Second, a bill to expand emissions testing to include diesel vehicles in at least one Utah county needs a little constituent love. HB134 is an excellent bill which HEAL helped craft from Representative Patrice Arent. While it has received positive votes in the House so far, we are hearing it may soon meet resistance.

Distressingly, what we’re hearing is that a few loudmouth diesel vehicle owners in Utah County have lobbied their legislators and argued that paying $30 once every two years to make sure they’re not poisoning our children is apparently too much to ask. Even though every other car and truck owner along the Wasatch Front does.

Testing diesel vehicles is more important than you might think. A few quick facts. One, diesels are more likely to fail emissions tests, which is no surprise if you’ve been following this Volkswagen debacle. Second, when diesels do fail, they pollute a heck of a lot more than a regular car does when it’s out of compliance. So, getting polluting diesel vehicles off the road, or at least fixed and in compliance, can take a fair bit of pollution out of the air.

And we can’t imagine any reason why the clear majority of Wasatch Front residents who own cars and trucks should have to pay for emissions testing, but diesel vehicles in Utah County should not. (And, Bob, I think we can agree that “being a personal buddy of a powerful legislator who will listen to my petty, selfless complaints” isn’t a strong reason.)

If you want to stand up for clean air and everyone’s right to breathe more freely, let’s make sure our Senators and Representatives know that this bill matters – and that we won’t stand for a few well-connected diesel owners derailing a good clean air measure. Click here to rally support for HB134 now.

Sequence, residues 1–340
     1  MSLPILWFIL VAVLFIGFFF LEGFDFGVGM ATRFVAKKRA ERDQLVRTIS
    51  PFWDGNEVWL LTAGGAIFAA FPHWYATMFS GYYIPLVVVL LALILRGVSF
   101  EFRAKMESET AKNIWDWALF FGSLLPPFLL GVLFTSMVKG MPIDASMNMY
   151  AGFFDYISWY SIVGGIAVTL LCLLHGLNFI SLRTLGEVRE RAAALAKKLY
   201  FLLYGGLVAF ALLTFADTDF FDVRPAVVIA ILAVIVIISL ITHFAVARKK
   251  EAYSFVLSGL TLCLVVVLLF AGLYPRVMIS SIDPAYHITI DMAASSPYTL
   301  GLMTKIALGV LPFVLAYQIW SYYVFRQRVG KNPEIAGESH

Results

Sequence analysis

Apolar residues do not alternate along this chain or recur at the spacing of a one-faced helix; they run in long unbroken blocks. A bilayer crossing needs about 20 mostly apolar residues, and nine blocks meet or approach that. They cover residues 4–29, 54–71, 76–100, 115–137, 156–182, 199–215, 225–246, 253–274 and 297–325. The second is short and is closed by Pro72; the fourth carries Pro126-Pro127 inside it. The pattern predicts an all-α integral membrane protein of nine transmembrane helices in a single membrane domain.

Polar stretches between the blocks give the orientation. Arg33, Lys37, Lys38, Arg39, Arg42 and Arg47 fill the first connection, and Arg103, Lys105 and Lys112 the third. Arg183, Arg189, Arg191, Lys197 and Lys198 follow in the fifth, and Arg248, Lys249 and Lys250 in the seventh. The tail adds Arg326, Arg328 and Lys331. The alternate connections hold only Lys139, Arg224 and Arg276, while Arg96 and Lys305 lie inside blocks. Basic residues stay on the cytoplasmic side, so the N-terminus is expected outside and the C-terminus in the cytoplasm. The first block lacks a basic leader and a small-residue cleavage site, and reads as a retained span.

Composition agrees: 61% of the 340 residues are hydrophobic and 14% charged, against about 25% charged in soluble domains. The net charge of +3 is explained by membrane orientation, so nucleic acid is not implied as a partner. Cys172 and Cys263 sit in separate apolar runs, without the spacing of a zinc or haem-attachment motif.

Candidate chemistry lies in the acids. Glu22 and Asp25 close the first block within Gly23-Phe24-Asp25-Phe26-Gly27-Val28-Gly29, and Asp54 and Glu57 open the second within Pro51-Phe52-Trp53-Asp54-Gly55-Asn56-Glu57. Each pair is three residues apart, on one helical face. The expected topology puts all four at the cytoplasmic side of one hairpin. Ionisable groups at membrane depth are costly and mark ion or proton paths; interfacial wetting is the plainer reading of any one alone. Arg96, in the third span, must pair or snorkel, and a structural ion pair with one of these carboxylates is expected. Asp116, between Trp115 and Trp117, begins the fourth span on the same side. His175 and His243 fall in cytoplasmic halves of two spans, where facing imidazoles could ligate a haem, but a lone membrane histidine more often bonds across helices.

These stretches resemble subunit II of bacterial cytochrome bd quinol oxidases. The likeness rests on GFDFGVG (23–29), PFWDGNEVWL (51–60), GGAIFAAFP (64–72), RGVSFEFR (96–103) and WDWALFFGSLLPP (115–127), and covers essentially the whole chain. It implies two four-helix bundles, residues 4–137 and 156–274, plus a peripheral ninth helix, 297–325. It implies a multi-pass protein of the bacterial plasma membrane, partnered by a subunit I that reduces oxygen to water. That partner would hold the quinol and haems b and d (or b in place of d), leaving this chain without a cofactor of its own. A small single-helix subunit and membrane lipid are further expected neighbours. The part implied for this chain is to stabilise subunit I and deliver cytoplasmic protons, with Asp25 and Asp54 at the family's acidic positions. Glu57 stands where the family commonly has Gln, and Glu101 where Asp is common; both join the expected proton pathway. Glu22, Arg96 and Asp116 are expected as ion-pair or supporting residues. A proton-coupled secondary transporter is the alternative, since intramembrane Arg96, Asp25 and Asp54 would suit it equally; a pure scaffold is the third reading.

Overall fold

Lastly, just wanted to make sure that everyone is aware of the new way that HEAL is communicating with you all! We offer the new “HEAL Utah Capitol Report,” weekly briefings on our legislative work, both via Facebook Live and via a conference call. You can listen in TODAY at 1:30 p.m. as Michael and Ashley give a quick but informative update on the legislative session. They’ll take questions too.

  • What? The HEAL Utah Capitol Report
  • When? Friday Feb. 17 (TODAY) at 1:30 pm
  • How? Go to HEAL’s Facebook page or call (805) 309-2350 and enter the code 112-3337#

Lastly, have you forgotten about the HEAL Utah Podcast? (You haven’t Betty, have you?) Our weekly radio program which can be delivered right to your phone or other device is back after a brief winter break. And we’ve had some great guests lately. You can listen to my interview with professional skier and storyteller Brody Leven, who describes his environmental activism work. And you can listen to Salt Lake Tribune columnist Robert Gehrke, giving us the skinny on what really goes on at the Capitol. And many many more episodes.Click here for a list of all 67 – that’s a lot, Bob! – and information on how to subscribe.

Get with the podcasting! It’s what all the cool kids do. NPR is so 20th century. (That’s a joke, NPR. Settle down.)

In grumpy solidarity,